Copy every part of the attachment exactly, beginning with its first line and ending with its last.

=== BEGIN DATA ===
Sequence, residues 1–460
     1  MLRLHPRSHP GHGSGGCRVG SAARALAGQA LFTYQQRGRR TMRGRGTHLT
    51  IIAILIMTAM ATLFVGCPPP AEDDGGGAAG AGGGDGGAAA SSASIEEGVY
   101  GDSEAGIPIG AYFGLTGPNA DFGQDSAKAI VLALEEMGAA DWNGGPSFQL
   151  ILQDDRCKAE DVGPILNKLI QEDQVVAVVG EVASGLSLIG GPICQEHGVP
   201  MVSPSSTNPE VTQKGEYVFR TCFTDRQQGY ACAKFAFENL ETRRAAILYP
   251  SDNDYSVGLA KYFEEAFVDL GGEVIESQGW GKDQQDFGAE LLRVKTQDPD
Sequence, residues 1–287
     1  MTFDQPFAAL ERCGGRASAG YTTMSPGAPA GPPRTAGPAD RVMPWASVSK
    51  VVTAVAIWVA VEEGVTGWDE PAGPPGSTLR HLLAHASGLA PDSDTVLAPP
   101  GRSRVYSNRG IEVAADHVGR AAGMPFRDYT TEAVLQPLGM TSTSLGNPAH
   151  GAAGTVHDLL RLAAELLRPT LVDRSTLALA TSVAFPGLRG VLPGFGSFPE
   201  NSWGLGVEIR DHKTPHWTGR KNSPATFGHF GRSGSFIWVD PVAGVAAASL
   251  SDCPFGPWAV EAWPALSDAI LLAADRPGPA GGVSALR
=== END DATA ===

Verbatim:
Sequence, residues 1–460
     1  MLRLHPRSHP GHGSGGCRVG SAARALAGQA LFTYQQRGRR TMRGRGTHLT
    51  IIAILIMTAM ATLFVGCPPP AEDDGGGAAG AGGGDGGAAA SSASIEEGVY
   101  GDSEAGIPIG AYFGLTGPNA DFGQDSAKAI VLALEEMGAA DWNGGPSFQL
   151  ILQDDRCKAE DVGPILNKLI QEDQVVAVVG EVASGLSLIG GPICQEHGVP
   201  MVSPSSTNPE VTQKGEYVFR TCFTDRQQGY ACAKFAFENL ETRRAAILYP
   251  SDNDYSVGLA KYFEEAFVDL GGEVIESQGW GKDQQDFGAE LLRVKTQDPD
Sequence, residues 1–287
     1  MTFDQPFAAL ERCGGRASAG YTTMSPGAPA GPPRTAGPAD RVMPWASVSK
    51  VVTAVAIWVA VEEGVTGWDE PAGPPGSTLR HLLAHASGLA PDSDTVLAPP
   101  GRSRVYSNRG IEVAADHVGR AAGMPFRDYT TEAVLQPLGM TSTSLGNPAH
   151  GAAGTVHDLL RLAAELLRPT LVDRSTLALA TSVAFPGLRG VLPGFGSFPE
   201  NSWGLGVEIR DHKTPHWTGR KNSPATFGHF GRSGSFIWVD PVAGVAAASL
   251  SDCPFGPWAV EAWPALSDAI LLAADRPGPA GGVSALR